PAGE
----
Sources

Sources

Apart from rather dim mentioning in Tacitus_ “Germania” of gentes aestiorum, who worship the Mother of Gods (most likely these were Western Balts) and some other sources ascribed to the Western Balts (by Wulfstan, Adamus Bremenensis); reports of the Arabic voyager Idrisius on Madsuna town citizens, who worship fire, could be attributed to source son Lithuania as well. Apart from the whole volume of reference of the Baltic tribes in the bulls of popes and other sources, Lithuanian religion is soomewhat more clearly represented by Ipatijus Voluinė’ manuscript fragments speak about gods secretly worshipped but Mindaugas and were it is said about gods which were besought by Lithuanian warriors; also a short insertion of the Slavic translation of Malala chronicle on Sovijus myth, undoubtedly authentic but their interpretation is not clear, many god-figures cited there are never mentioned in the subsequent sources. A separate group of sources is formed by the Lyvonic and Teutonic Orders documents, yet they are also veery fragmented and are not concerned with the securing of the authentic material. The sources increase in density in the period before accepting Christianity and right after it was accepted; data preserved by Hieronymus Praquensis and Jan Dlugosz (Johannes Longinus), th

hough idealized, supply a lot of information.

Later renaissance sources, late manuscripts, give the legendary versions of Lithuanian history where there also emerge religious elements. “Lithuanian chronicle” speaks about religious innovations that took place in the early Middle Ages, however, they are not supported by the earlier documents, yet, their authenticity can be witnessed by the overall religious innovations in the Baltic. Maciej Stryjkowski in the middle of the 16th century listed 16 Lithuania Gods, J.Lasycki listed numerous Samogitian gods and some minor mythological figures. These authors can be considered very reliable, however, they did not speak Lithuania and they were recording features of deteriorating religion, which was permeated by a number of locally worshipped “gods” and some encrusted petty mythical fiigures. This jumble hardly lends itself to coherent classification. In the end of the 16th century, in the following 17th century and later Jesuit missions were very active in Lithuania passed a lot, though, fragmented information about the remains of pagan faith spotted in the province of Lithuanian, M.Preatorius wrote about the customs and beliefs in the Lithuania Minor (Mažoji Lietuva), his works are of paramount importance because they bear no comparison to the fragments found in earlier sources, they be
ear the character of a comprehensive ethnographic compilation of the beliefs, mode of life, rituals etc. in the Lithuania Minor at the end of the 17th century. All these materials matched together can be used for reconstruction of the Lithuania tradition, however, it is necessary to bear in mind that all these facts reflect certain stages in the evolution of Lithuanian religious tradition, its periods of existence and decline, and “mechanical summing up” would not produce the overall image of the old Lithuanian religion. Also, here we could add some other group of sources: archeological and linguistic sources, folklore collections recorded in the 19th-20th centuries and the ethnographic material from the period. Yet, it is possible to assume that the specificity of different sources defines the answers to the inquiry we are concerned with; also the chronological factor is very important. Basically we should define at least 4 stages of the evolutionary processes as seen in the sources:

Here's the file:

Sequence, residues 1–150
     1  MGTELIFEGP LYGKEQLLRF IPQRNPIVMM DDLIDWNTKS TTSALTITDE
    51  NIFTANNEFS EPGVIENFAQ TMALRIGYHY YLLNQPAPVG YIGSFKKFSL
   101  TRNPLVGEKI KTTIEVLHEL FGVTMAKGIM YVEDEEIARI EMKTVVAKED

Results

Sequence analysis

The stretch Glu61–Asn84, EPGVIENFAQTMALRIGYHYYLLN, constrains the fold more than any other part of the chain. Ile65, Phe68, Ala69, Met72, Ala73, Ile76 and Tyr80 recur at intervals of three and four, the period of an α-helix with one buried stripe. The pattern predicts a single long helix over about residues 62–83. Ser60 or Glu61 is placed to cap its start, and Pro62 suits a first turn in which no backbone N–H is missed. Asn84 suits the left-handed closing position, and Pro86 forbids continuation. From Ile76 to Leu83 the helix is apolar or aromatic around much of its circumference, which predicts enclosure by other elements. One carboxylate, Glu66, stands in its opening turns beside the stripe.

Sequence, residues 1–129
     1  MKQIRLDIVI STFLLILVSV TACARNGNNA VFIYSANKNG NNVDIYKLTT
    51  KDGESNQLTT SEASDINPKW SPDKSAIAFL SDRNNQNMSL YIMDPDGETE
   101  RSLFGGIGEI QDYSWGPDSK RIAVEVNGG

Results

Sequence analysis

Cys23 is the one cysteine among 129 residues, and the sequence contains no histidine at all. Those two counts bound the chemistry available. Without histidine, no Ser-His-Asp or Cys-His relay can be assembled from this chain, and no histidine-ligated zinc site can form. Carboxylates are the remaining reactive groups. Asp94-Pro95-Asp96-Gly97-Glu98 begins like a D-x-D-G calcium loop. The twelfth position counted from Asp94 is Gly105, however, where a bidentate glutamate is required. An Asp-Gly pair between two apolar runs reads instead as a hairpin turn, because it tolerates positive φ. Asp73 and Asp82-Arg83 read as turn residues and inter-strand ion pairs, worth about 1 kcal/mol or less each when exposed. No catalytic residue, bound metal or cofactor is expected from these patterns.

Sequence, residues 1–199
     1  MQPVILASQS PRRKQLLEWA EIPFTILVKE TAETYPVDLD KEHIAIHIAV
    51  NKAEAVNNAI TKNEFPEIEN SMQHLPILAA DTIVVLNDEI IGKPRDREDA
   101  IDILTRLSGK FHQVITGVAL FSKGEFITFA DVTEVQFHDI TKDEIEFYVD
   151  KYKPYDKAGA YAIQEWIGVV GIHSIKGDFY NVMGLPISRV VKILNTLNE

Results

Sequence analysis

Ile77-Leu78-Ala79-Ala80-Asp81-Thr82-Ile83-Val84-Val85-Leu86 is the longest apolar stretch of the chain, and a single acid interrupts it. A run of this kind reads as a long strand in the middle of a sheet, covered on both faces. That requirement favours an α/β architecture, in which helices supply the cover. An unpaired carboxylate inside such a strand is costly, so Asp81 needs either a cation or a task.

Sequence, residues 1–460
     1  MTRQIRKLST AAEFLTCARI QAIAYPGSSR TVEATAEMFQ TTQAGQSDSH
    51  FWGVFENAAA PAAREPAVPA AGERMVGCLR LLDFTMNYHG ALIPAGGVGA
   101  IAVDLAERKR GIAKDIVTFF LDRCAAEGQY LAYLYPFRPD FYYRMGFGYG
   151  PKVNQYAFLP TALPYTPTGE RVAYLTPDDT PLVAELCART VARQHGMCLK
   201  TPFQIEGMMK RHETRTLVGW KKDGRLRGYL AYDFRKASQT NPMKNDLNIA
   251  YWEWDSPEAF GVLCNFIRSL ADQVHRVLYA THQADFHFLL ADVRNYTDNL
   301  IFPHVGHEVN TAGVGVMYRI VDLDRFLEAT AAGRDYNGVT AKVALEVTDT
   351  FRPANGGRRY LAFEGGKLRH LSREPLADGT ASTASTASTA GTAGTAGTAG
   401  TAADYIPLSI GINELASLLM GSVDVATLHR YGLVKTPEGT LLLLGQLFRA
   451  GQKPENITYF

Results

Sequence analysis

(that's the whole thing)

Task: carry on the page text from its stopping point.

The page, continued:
1. 13-14th centuries. The period of the official religion worshipped by the knighthood and the warriors; religion is strongly influenced by the “military mythology”. The class of priests is still in function.

2. 15-16th centuries. The upper strata of society are converted to Christianity. The pe
easants, who are not touched by the Christianity, pass on the old tradition. In the more isolated villages the evolution of religion, rather destructive, continues in a peculiar way. The province produces agricultural Pantheon of gods; in the villages religious rites continue.

3. 16-18th centuries. Jesuits start to attract to Christianity Lithuania province and complete the process. The old Pantheon comes to depletion, gods are being replaced by ghosts, minor mythological figures, whose cult is practiced through occasional devotional offerings. The old religious ceremonies live through dramatic alteration, they cease to be community act but are restrained to a family circle.

4. 19th and the first part of the 20th centuries. Deliberate repetition of the ancient religious elements is not observed or almost not observed. Old mythological images and rituals developed naturally enter the field of Christian faith. In the church services, festivals and folklore there abound elements of the old tradition but they are tinted with Christian meaning (or rather embedded in Christian mythology). On the one hand this situation can be conceived as the ultimate victory of Christianity against the old faith and the old mythological vision, on the other hand we can speak of an obvious penetration of the ol
ld tradition into Christianity. The result is religious syncretism sprung due to the victory of the Christianity, in reality the adaptation of the Christianity to the invincible tradition. This fusion was programmed ever since the middle of the second millennium and finally brought to life in that period.

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